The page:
LIFE IMITATES ART IMITATES ART AT SELLERS PRIZE

Posted by Jeremy Eccles | 25.07.14

Announced tomorrow is the lucky winner of the $100,000 Basil Sellers Art Prize for a work or works which confront issues and themes in sport. As an enthusiastic press release puts it: “From fandom to fanaticism, motivation to morality, and rules to racism, the finalists explore the many facets of sport and examine the parallels between the awe of art and the spectacle of sport”. And the finalists – currently displayed at an exhibition in The Potter Museum of Art at the University of Melbourne – are: Tony Albert, Narelle Autio, Zoe Croggon, Gabrielle de Vietri, IvanDurrant, Shaun Gladwell, Richard Lewer, William Mackinnon, Rob McHaffie, Noel McKenna, Rob McLeish, Fiona McMonagle, Raquel Ormella, Khaled Sabsabi, Jenny Watson, and Gerry Wedd. The judges for both this Prize and the $50,000 National Sports Museum Basil Sellers Creative Arts Fellowship are: Liz Ann Macgregor OBE, Director of the Museum of Contemporary Art; Kelly Gellatly, Director of the Ian Potter Museum of Art; Robert Cook, curator of contemporary photography and design at the Art Gallery of Western Australia; Michael Hawker AM, distinguished businessman and a veteran of 25 Australian rugby test matches, now Chairman of Australian Rugby Union; Dr Chris McAuliffe, consultant for the Basil Sellers Group; and Basil Sellers AM himself. Previous winners of the prestigious prize, which is running biennially for 10 years, were Daniel Crooks in 2008, Tarryn Gill and Pilar Mata Dupont in 2010, and Jon Campbell in 2012. One artist who didn't expect to be even accepted as a finalist this year was Tony Albert. For the Queensland Indigenous artist suspected that the sporty Prize would not be seriously interested in confronting racism – the perennial matter of his art. But, just as news came through that he'd misjudged the judges, so Adam Goodes, legendary Sydney Swans footballer and» Read More

 

TARNANTHI – THE NEW NAME IN FESTIVALS

TARNANTHI – THE NEW NAME IN FESTIVALS

Posted by Jeremy Eccles | 23.07.14

South Australia’s Premier Jay Weatherill has announced that the State's new Aboriginal visual arts festival will be known as Tarnanthi – pronounced TAR-NAN-DEE - a local Kaurna word meaning 'to come forth', as in the sun and the first emergence...» Read More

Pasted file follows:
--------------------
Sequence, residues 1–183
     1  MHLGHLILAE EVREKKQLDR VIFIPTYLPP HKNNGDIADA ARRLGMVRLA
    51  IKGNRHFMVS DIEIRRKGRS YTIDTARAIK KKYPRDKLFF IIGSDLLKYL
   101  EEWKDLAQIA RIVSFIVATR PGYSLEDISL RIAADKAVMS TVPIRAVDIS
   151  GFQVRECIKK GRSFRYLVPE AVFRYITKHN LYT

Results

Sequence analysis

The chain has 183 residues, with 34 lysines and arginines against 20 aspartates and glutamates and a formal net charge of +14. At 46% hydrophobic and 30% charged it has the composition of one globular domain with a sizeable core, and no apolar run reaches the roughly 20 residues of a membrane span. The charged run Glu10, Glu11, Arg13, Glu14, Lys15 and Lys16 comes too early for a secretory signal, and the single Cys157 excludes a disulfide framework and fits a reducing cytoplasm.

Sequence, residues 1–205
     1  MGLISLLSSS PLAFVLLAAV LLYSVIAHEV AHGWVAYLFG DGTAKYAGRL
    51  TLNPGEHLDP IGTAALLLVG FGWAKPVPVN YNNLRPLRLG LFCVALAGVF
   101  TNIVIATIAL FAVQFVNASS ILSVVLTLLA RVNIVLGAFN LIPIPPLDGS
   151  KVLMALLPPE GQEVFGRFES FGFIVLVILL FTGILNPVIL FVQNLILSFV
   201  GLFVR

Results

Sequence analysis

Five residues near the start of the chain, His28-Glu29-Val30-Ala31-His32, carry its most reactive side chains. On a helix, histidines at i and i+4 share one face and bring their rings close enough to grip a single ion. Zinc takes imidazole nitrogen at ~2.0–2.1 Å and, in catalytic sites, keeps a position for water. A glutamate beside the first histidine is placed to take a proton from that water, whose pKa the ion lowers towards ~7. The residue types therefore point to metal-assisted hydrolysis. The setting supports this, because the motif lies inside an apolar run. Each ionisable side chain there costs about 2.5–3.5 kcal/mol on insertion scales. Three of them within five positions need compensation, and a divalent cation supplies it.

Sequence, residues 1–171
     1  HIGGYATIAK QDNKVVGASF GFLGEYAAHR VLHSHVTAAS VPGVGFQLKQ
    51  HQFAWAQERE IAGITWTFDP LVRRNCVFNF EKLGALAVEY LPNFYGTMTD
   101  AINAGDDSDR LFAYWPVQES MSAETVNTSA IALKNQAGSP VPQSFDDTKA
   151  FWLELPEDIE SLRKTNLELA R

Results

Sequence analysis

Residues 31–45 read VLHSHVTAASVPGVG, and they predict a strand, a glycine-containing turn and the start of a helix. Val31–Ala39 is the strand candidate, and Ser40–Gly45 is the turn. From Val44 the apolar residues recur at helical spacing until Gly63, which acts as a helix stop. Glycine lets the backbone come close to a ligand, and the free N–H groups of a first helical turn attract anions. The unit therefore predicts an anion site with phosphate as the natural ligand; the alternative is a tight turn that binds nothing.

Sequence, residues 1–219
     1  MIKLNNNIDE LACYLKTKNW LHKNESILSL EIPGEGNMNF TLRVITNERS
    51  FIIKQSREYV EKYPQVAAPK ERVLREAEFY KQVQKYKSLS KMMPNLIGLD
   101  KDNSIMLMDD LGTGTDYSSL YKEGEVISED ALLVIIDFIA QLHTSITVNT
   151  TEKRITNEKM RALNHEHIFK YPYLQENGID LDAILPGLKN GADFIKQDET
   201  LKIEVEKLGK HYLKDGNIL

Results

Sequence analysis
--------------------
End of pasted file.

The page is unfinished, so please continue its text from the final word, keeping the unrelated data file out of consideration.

ABORIGINAL ART 'COMES HOME'

ABORIGINAL ART 'COMES HOME'

Posted by Jeremy Eccles | 22.07.14

A significant dinner held in Melbourne last week was a homecoming of sorts for that dominant feature of the Aboriginal art market over the past two decades – the auction. Aboriginal art auctions have been maligned, but some have done...» Read More

 

ART IS THE VOICE OF OUR PEOPLE - TAKE 2

ART IS THE VOICE OF OUR PEOPLE - TAKE 2

Posted by Jeremy Eccles | 15.07.14

Hetti Perkins second 'Art+Soul' TV series returns to the ABC tonight, and winds up with a third episode next Tuesday. And the question I asked after previewing her first program remains as relevant to the thinking behind this production as...» Read More

 

GULPILIL'S COUNTRY

GULPILIL'S COUNTRY

Posted by Jeremy Eccles | 11.07.14

I've often said that the major problem with the Intervention – and all the hyperventilation about the reported spate of child abuse and domestic violence in remote Aboriginal communities that justified the imposition of its quasi-military rule – was that...» Read More

 

FEAR & LOATHING AMONG THE SMSFs

FEAR & LOATHING AMONG THE SMSFs

Posted by Jeremy Eccles | 08.07.14

Art values are suffering as a result of misinformation and disproportionate anxiety about changed rules for art investments in Self-Managed Super Funds, says accountant and Indigenous art community expert, Brian Tucker. And it's been particularly damaging for Aboriginal communities, where...» Read More

 

ART IS THE VOICE OF OUR PEOPLE

ART IS THE VOICE OF OUR PEOPLE

Posted by Jeremy Eccles | 08.07.14

So, Hetti Perkins is back with us, refreshed from a sabbatical period post-Art Gallery of NSW, where she used to be the first, and so far only, senior curator of Aboriginal Art. I wonder why they think they can manage...» Read More

 

RED OCHRE FOR HECTOR BURTON

RED OCHRE FOR HECTOR BURTON

Posted by Jeremy Eccles | 04.07.14

At the end of May, the supreme national Indigenous arts awards – the Red Ochres – were handed out by the Australia Council. And the senior, peer-reviewed award went to artist Hector Tjupuru Burton from Tjala Arts in Amata, South...» Read More

 

Current Exhibitions

Industry Corner: Event

TARNANTHI – THE NEW NAME IN FESTIVALS

Posted by Jeremy Eccles | 23.07.14

South Australia’s Premier Jay Weatherill has announced that the State's new Aboriginal visual arts festival will be known as Tarnanthi – pronounced TAR-NAN-DEE - a local Kaurna word meaning 'to come forth', as in the sun and the first emergence...» Read More

Industry Corner: Event

ABORIGINAL ART 'COMES HOME'

Posted by Jeremy Eccles | 22.07.14

A significant dinner held in Melbourne last week was a homecoming of sorts for that dominant feature of the Aboriginal art market over the past two decades – the auction. Aboriginal art auctions have been maligned, but some have done...» Read More

Events: Event

ABORIGINAL ART 'COMES HOME'

Posted by Jeremy Eccles | 22.07.14

A significant dinner held in Melbourne last week was a homecoming of sorts for that dominant feature of the Aboriginal art market over the past two decades – the auction. Aboriginal art auctions have been maligned, but some have done...» Read More

Events: Event

BARKS 'R US

Posted by Jeremy Eccles | 22.12.13

With Aboriginal bark paintings there's the constant dilemma – how important is the aesthetic appeal of the work, and how important the story – and the status of the man telling it? The issue arises because there have been old...» Read More

 

 


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